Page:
access-standards-iconYour health is important—and so is your time. At Graybill Medical Group, we want to make sure that you have timely access to the care and services that you need. We schedule appointments in a manner as identified by the situation.

Note: If you are unable to come to your appointment, please contact us at least 24 hours before your scheduled appointment time so that others who need care may be seen.

During normal business hours

Primary care appointments should be made within the following time frames:

Appointment Type Time Frame
Emergency Immediate
Urgent Within 24 hours
Routine primary care Within 7 calendar days
Preventive care Within 30 days (20 days for patients with Medicare coverage)

Specialty Care appointments that require Prior Authorization should be made within the following time frames:

Referral Type Review Time Frame
Routine referrals Reviewed within 5 business days
Urgent referrals Reviewed within 72 hours

After normal business hours (nights and weekends)

If you are calling after normal business hours, you will be connected with an Exchange Operator, who can direct you to a Graybill or other Urgent Care clinic. Alternatively, you can ask to have your called returned within 30 minutes by our On-Call Physician.

Emergency services

If you believe you need emergency care, contact your Graybill Primary Care Physician. Your PCP will determine what type of treatment you need.

If you believe a delay could seriously jeopardize your health, go to the nearest Hospital Emergency Room (ER). As soon as possible thereafter, call your PCP. Your PCP will be responsible for coordinating any follow-up care after the emergency has been resolved.

Should you call 911?

If you have a life-threatening emergency or feel your health may be endangered, call 911. Here are a few examples of situations when to call 911 (this list is not all-inclusive):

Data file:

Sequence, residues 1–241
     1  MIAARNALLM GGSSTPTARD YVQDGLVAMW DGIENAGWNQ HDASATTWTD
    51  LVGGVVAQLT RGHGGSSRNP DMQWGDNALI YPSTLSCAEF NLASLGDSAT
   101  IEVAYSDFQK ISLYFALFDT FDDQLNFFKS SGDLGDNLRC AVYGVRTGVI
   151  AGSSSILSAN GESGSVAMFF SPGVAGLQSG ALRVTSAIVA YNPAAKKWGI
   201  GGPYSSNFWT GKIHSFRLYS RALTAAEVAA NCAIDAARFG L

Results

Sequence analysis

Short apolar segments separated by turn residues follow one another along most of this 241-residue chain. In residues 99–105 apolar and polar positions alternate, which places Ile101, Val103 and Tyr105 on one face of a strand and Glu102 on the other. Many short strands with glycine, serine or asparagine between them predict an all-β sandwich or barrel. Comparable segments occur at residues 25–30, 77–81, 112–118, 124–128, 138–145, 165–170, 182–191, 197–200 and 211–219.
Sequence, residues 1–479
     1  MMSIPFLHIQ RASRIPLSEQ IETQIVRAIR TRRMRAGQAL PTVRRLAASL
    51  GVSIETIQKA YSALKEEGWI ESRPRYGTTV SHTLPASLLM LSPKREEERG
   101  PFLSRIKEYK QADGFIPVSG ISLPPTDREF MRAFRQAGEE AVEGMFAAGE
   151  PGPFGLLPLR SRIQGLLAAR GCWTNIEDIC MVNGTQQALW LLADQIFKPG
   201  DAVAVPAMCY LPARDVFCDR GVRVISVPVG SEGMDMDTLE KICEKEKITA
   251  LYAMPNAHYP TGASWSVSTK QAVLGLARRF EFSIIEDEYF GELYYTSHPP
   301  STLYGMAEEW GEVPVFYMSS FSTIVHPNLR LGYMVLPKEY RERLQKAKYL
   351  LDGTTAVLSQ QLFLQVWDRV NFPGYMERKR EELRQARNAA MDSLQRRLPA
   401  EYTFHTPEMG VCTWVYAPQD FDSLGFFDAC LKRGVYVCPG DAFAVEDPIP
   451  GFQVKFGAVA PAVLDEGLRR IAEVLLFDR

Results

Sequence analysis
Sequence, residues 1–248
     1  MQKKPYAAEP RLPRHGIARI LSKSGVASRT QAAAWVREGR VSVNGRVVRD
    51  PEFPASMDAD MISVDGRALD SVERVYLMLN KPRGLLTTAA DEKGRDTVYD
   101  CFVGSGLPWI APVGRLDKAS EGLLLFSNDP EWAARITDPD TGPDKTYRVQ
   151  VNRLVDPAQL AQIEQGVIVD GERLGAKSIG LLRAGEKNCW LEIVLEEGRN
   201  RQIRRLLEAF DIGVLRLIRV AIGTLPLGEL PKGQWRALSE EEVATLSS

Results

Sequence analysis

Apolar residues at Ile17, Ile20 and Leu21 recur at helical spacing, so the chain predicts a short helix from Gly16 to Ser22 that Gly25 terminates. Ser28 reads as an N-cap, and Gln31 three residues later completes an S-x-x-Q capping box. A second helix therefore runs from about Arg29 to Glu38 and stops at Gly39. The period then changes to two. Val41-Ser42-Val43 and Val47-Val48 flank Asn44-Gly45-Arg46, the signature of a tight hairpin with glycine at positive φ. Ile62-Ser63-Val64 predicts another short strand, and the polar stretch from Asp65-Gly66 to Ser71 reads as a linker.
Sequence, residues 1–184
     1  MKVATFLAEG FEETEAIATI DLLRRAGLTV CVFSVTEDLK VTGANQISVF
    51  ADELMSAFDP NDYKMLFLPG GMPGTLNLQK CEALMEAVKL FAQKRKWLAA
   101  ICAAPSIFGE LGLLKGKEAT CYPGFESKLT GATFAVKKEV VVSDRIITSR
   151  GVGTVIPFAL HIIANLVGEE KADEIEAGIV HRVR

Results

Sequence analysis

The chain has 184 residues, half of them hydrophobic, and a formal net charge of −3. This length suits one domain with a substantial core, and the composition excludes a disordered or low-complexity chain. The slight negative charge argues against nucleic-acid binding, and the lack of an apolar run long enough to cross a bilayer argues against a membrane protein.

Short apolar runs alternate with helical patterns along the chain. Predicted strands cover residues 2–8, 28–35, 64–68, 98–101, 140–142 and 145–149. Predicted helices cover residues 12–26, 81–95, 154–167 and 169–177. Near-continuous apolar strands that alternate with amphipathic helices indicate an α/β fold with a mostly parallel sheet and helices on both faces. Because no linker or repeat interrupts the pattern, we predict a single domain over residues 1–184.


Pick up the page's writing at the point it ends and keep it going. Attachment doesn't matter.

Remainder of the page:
• You’re having a heart attack or stroke
  • Difficulty breathing or shortness of breath
  • Pain or discomfort in your chest
  • Severe stomach ache, calf pain
  • Fainting or sudden dizziness, weakness, or changes in vision
  • Change in mental status, including confusion or difficulty awakening
  • Sudden or severe pain anywhere in the body
  • Bleeding that won’t stop
  • Severe vomiting, nausea
  • Coughing up blood

Many people feel they will be embarrassed if they call 911 and they are not in fact having a heart attack or stroke. Don’t be afraid to err on the side of caution—heart attacks are the leading cause of death in both men and women.

Dialing 911 from a cell phone. If you call 911 from a cell phone, your call is directed to the 911 dispatch center for the California Highway Patrol (CHP). The CHP will then forward your call to the appropriate agency. Be aware, when you call on your cell phone, the CHP cannot detect your location as with a residential or business 911 call. It’s important to be aware of your location when calling from a cell phone.

If you call 911, insurance typically covers you for the care needed to stabilize your condition. Beyond that, you should call your Primary Care Physician (PCP) as soon as possible. Your PCP will be responsible for coordinating any follow-up care after the emergency has been resolved.

Note: If you go to an emergency room without being directed there by your doctor, your condition will be evaluated to determine whether emergency care was required. If it is determined that emergency care was not required, you will be financially responsible for these services.

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